Snowpack/drought/runoff news: Upper Colorado River basin drops to 25% of average, South Platte = 37%



Click on the thumbnail graphics for the current statewide snowpack map and the Basin High/Low graph for the South Platte Basin (the basins that millions of Coloradans depend on) from the Natural Resources Conservation Service. The storm last week kept the South Platte about 1 inch of SWE above 2002 and moved the Upper Colorado River basin to the 2002 line. Keep doing your rain dances.

From The Denver Post (Kyle Wagner):

Colorado’s reservoirs are at normal levels, according to Denver Water, and state rivers are running at or below normal flows for this time of year. That means rafting, particularly for first-timers and families, could be just right.

“Here’s the thing that people forget,” says David Costlow, executive director of the Colorado River Outfitters Association. “Low season doesn’t mean no water. That snow still comes down that defined ditch. It might not ever get to the super-wild stage, but there’s water, and it flows. It will still be at an acceptable level for people to get out there and have a great time.”

Costlow says that despite rumors outside the industry, concerns that this season will be a repeat of the severe drought of 2002 are unlikely. “I make a point of keeping in contact with what I call the ‘water buffaloes,’ you know, Denver Water, CWC (Colorado Water Congress), to see what their take is. Well, it’s gonna be low, yes, but it’s not going to be 2002.”[…]

Outfitters on the Arkansas River are in especially good shape, Costlow says, because they’re on a voluntary flow-management program that allows for a dam release of water from the reservoirs upstream. “That water’s always there when they need it,” he explains. “Like last year, it wasn’t needed really until right at the end. This year, they’ll probably need it earlier.”

From The Aspen Times (Janet Urquhart):

Flows out of Ruedi increase seasonally on May 1, according to Kara Lamb, spokeswoman for the U.S. Bureau of Reclamation. The agency began increasing the release Monday, anticipating a hike in flows into the Fryingpan below the dam from 45 cubic feet per second to 80 cfs by the end of the day. Another increase Tuesday is expected to bring the flow on the lower Fryingpan to 110 cfs, which is typical for this time of year, according to Lamb.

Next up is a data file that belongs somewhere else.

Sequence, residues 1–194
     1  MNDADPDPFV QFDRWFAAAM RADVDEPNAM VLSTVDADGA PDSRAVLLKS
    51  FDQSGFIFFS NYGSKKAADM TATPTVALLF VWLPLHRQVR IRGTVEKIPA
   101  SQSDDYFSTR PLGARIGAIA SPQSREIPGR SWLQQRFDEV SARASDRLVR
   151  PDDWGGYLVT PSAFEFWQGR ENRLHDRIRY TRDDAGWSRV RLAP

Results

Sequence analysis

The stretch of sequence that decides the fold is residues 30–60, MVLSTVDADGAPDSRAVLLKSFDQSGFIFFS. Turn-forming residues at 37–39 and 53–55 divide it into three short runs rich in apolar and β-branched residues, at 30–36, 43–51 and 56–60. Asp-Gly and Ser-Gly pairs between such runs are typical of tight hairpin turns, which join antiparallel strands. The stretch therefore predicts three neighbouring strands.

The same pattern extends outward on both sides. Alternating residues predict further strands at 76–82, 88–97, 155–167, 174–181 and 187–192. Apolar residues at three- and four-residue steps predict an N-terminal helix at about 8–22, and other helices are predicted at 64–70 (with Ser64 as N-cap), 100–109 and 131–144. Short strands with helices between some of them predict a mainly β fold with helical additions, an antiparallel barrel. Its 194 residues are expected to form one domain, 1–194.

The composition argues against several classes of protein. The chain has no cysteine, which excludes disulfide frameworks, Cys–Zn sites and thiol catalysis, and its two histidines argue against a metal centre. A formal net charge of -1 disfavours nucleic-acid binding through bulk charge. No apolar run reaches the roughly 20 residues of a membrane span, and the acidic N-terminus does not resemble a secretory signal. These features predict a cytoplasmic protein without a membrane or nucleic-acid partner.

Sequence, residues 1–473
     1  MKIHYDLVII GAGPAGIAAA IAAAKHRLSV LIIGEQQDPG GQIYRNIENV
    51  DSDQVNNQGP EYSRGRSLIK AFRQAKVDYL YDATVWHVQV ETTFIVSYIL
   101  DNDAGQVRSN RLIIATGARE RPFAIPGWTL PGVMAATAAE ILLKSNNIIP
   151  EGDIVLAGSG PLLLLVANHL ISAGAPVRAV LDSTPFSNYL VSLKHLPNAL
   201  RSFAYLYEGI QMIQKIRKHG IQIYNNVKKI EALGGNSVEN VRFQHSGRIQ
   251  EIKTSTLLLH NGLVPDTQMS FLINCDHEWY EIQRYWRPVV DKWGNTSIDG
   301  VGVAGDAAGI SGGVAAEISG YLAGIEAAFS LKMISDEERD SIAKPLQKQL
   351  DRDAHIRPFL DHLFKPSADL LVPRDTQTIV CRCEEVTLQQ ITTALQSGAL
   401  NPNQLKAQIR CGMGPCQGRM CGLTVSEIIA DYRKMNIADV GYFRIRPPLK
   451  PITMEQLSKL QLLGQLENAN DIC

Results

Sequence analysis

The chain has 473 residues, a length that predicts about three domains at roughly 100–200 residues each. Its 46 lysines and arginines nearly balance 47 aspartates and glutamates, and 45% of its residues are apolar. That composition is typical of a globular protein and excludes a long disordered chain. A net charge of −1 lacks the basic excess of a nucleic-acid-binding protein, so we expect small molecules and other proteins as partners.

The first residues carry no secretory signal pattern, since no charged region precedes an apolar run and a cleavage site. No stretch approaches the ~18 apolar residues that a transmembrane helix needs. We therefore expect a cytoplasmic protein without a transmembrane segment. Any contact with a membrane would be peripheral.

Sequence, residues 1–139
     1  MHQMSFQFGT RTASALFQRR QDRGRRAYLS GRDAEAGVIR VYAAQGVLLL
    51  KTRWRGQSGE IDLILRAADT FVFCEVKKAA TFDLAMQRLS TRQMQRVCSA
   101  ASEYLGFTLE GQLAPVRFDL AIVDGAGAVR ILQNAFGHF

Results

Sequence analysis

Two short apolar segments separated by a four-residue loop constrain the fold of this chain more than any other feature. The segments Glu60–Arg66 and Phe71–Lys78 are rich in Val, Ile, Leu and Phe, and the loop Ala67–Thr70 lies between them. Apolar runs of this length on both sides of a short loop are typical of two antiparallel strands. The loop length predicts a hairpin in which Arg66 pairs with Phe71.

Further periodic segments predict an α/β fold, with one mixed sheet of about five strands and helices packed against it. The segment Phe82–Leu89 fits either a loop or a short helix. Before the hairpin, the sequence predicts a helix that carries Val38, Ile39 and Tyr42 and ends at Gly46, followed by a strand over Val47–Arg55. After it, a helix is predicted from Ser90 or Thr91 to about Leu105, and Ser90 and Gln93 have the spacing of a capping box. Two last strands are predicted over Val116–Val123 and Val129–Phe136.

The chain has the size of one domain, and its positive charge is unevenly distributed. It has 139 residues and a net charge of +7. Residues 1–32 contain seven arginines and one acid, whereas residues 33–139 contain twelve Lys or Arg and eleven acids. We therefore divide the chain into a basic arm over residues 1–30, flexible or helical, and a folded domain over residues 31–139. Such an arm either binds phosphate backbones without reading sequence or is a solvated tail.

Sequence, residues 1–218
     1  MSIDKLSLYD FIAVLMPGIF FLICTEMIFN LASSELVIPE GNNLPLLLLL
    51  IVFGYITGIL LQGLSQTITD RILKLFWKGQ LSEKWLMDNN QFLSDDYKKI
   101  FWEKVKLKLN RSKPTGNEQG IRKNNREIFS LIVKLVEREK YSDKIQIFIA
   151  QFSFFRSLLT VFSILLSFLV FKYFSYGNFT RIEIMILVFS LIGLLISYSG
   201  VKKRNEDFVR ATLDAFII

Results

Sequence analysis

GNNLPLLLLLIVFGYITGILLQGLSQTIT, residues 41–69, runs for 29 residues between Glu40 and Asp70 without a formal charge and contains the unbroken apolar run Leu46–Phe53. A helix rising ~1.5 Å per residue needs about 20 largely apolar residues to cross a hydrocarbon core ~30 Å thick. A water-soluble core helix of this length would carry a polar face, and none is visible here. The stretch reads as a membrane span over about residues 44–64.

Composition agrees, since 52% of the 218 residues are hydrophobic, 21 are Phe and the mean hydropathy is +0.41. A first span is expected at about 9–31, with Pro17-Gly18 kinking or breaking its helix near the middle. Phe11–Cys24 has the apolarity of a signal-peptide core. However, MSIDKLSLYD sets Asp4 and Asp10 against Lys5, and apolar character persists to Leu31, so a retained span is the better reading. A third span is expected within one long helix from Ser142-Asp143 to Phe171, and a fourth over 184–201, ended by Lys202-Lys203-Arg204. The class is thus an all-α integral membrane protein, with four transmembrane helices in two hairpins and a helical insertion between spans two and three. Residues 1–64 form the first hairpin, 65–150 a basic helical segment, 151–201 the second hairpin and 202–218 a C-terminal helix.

In a normal spring, runoff from melting snow coming into the reservoir, located east of Basalt, would peak in late May or early June, she said. Next week, the bureau will have a better idea of what to expect this spring, after the latest data have been analyzed, but it’s a good bet flows coming into Ruedi won’t match the surge experienced last year…

The bureau expects Ruedi and the other reservoirs in the Fryingpan-Arkansas transmountain diversion system, as well as reservoirs in the Colorado-Big Thompson Project, to fill up this spring, according to Lamb. Both projects transfer water from Colorado’s Western Slope to the Front Range. The reservoirs started out in good shape because last year was a strong one for water collection, Lamb said…

Among Western Slope reservoirs that send water west instead of east, however, both Taylor Park and Blue Mesa reservoirs are expected to reach only 80 to 85 percent of capacity, according to Dan Crabtree, water management group chief for the bureau’s Grand Junction office. Other, smaller reservoirs, including Paonia, Ridgway and Silverjack, are all expected to fill up, he said…

…in the Roaring Fork River Basin on Monday, the snowpack was down to 19 percent of average, according to the Natural Resources Conservation Service, or NRCS. The SNOTEL measuring site on Independence Pass, located southeast of Aspen at 10,600 feet in elevation, was holding 4 inches of snow Monday, down from 7 inches Sunday. Snow at the measuring site is likely to be gone by Tuesday, said Mage Skordahl, assistant snow survey supervisor for the NRCS in Denver. That doesn’t mean snow has disappeared from the pass, but that it’s melted off the SNOTEL measuring station, she said.

Updated streamflow forecasts will soon be available, according to Skordahl, but projections based solely on snowpack put the flow into Ruedi Reservoir at 55 percent of average from April through July, she said. The Roaring Fork River flow at Glenwood Springs is expected to be at 45 percent of average for the same period.

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